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. Last Updated: 07/27/2016

DEFENSE DOSSIER: Yeltsin Woos the Generals

This week President Boris Yeltsin left town for a summer recess and the political life in Moscow has slowed down in the simmering heat. July and August in Russia, as in many other countries, is traditionally a time when the nation's decision-makers go to a country dacha or to the sea, and journalists do not know where to find stories to write about.

Of course, in recent years the old Soviet tradition of doing no serious business in the July-August heat has often been abused. In August 1991, the old Soviet nomenklatura tried to stage a coup to restore full party rule. The coup failed and the Soviet Union subsequently collapsed.

Seven years later, last August, the pro-Western liberal economic reforms collapsed together with the Russian financial system, leaving the country high and dry, stranded helplessly between two worlds. Russia first failed in Communism and then - even more dramatically - in capitalism.

In August 1991, Yeltsin won the fray not because he had the courage to climb on a tank to declare that he would defy the coup and its plotters. Yeltsin and his supporters won because there was a tank easy to climb on: Its crew, and the crews of other tanks that were sent to Moscow to crush resistance to the coup, were not ready to shoot or arrest or do anything to stop Yeltsin, his supporters and armed guards from prancing on their armor.

In August 1991, the Russian military, including high-ranking generals, was not ready to fight in the streets of Moscow to maintain Communist rule. Quiet insubordination engulfed unit after unit as soon as they moved into Moscow. In three days it was all over: The generals had to move the troops back into the barracks, since keeping them in Moscow would have meant having to cope with open disloyalty and even armed insurrection in the ranks.

Two years later, in August 1993, when Yeltsin was planning an armed coup of his own - to use force to dislodge the Supreme Soviet, the Russian parliament - he did his best to befriend the military in advance. The Russian military got hefty pay raises that year. Yeltsin traveled to military units dressed in uniform and freely handed out decorations and promotions.

The same is happening today. Last April the Russian government substantially increased military pay. Last week Yeltsin met Russia's most important military leaders in the Kremlin and promised them more money, presidential support and understanding of their needs. Yeltsin heaped praise on the military and announced that rumors of the Russian army's collapse were "utter nonsense." The president also handed out more decorations and promised more promotions for the faithful.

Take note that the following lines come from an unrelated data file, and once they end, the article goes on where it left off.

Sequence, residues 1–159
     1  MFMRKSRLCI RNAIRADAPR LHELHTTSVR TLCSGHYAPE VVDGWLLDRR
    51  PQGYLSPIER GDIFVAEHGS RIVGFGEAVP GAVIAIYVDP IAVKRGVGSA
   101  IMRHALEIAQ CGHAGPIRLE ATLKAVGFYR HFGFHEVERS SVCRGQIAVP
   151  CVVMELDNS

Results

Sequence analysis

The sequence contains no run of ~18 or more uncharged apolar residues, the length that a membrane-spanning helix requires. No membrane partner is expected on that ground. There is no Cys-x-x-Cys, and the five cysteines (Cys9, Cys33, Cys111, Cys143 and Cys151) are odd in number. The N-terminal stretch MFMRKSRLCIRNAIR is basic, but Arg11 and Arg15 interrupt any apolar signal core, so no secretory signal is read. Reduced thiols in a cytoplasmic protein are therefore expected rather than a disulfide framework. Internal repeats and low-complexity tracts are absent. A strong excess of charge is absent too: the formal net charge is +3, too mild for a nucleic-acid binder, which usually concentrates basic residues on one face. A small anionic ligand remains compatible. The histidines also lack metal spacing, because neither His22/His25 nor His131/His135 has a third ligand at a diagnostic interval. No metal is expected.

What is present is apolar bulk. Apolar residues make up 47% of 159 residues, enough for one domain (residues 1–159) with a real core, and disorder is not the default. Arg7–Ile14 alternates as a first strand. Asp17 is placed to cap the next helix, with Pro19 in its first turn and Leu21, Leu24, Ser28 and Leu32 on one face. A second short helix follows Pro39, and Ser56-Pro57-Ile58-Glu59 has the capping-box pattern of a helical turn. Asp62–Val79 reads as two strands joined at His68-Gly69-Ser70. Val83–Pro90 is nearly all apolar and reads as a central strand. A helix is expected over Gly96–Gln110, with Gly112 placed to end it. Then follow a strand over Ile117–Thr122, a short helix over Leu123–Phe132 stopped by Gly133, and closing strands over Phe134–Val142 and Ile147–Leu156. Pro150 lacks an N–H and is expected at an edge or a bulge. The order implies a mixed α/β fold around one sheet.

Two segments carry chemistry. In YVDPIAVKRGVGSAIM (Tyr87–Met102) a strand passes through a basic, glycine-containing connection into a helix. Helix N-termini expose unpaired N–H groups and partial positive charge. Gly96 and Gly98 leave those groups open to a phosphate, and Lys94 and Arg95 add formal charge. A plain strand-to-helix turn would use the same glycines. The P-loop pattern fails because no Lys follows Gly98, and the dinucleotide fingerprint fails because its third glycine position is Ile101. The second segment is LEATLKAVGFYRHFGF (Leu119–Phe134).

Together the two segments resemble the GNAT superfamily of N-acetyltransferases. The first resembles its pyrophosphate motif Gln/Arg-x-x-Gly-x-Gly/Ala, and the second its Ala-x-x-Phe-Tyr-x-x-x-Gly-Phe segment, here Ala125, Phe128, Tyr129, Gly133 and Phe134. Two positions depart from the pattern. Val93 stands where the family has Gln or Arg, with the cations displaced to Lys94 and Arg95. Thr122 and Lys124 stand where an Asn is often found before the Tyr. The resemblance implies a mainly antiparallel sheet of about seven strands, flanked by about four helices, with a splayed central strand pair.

Handing out decorations and promotions is, of course, the cheapest way to keep a military man happy. Finding money for meaningful military reform or simply keeping officers pay at a subsistence level for long periods of time is much harder. But Yeltsin has been a public politician for more than 10 years. Yeltsin knows that to win elections you need to combine small handouts with great promises. Afterward the promises can be forgotten.

Today Yeltsin behaves in public as if the presidential election campaign were in full swing, as if he, Yeltsin, were running, and as if the only people eligible to vote for president were oligarchs, regional governors and military officers. Yeltsin is desperately fighting to win the hearts and minds of Russia's military. During last week's meeting with the generals, and during a Kremlin reception for graduating military cadets,Russia's old and unsteady president, who never served in the army, pathetically tried to goose step, as a way of being accepted by the troops as one of their own.

The possibility of unconstitutional actions, for which Yeltsin will need military support, is growing. Free and fair elections are not an option for Yeltsin and the oligarchs that control the Kremlin. Pro-liberal, pro-market forces will surely lose any genuinely free election in the coming years in Russia. Mikhail Prusak, the pro-reform governor of the Novgorod region, said in an interview last week that Yeltsin, "as father of the nation," should disband both houses of parliament and call a non-elected assembly, a zemskoi sobor, to rewrite the Constitution and "mend the economy."

Yeltsin and the people he represents know that if they lose the Kremlin, there will come a time of reckoning in Russia. The "young reformers," "democrats" and oligarchs who have stolen Russia will go to prison and then be put on show trials, together with Yeltsin. It is highly probable that the future of Russia will be decided by the gun, not the ballot box.